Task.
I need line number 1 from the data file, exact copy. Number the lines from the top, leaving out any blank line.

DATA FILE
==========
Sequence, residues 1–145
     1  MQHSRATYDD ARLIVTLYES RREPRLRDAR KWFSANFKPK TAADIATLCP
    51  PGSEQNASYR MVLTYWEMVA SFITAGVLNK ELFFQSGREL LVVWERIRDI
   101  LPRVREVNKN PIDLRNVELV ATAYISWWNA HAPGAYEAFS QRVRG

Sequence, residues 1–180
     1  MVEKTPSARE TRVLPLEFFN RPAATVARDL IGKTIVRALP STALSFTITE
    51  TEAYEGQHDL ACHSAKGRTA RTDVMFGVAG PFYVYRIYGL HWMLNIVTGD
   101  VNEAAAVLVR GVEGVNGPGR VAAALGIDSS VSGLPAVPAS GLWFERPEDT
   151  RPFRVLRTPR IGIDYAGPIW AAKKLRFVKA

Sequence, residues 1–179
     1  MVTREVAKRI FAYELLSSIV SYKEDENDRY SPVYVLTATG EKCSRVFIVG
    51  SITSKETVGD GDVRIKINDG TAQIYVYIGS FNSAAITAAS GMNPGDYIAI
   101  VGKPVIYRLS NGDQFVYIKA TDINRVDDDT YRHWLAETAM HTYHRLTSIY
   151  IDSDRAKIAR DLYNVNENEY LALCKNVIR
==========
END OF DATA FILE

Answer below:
Sequence, residues 1–145